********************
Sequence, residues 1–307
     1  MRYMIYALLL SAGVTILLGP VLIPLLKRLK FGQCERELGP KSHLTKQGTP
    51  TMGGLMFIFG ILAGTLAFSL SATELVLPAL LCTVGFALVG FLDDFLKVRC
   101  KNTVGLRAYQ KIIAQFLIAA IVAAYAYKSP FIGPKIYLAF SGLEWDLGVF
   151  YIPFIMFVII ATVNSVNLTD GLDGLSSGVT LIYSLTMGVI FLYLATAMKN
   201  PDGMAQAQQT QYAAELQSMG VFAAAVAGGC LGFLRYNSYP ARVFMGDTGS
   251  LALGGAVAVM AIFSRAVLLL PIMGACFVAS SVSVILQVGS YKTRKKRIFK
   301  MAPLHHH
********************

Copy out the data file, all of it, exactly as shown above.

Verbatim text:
Sequence, residues 1–307
     1  MRYMIYALLL SAGVTILLGP VLIPLLKRLK FGQCERELGP KSHLTKQGTP
    51  TMGGLMFIFG ILAGTLAFSL SATELVLPAL LCTVGFALVG FLDDFLKVRC
   101  KNTVGLRAYQ KIIAQFLIAA IVAAYAYKSP FIGPKIYLAF SGLEWDLGVF
   151  YIPFIMFVII ATVNSVNLTD GLDGLSSGVT LIYSLTMGVI FLYLATAMKN
   201  PDGMAQAQQT QYAAELQSMG VFAAAVAGGC LGFLRYNSYP ARVFMGDTGS
   251  LALGGAVAVM AIFSRAVLLL PIMGACFVAS SVSVILQVGS YKTRKKRIFK
   301  MAPLHHH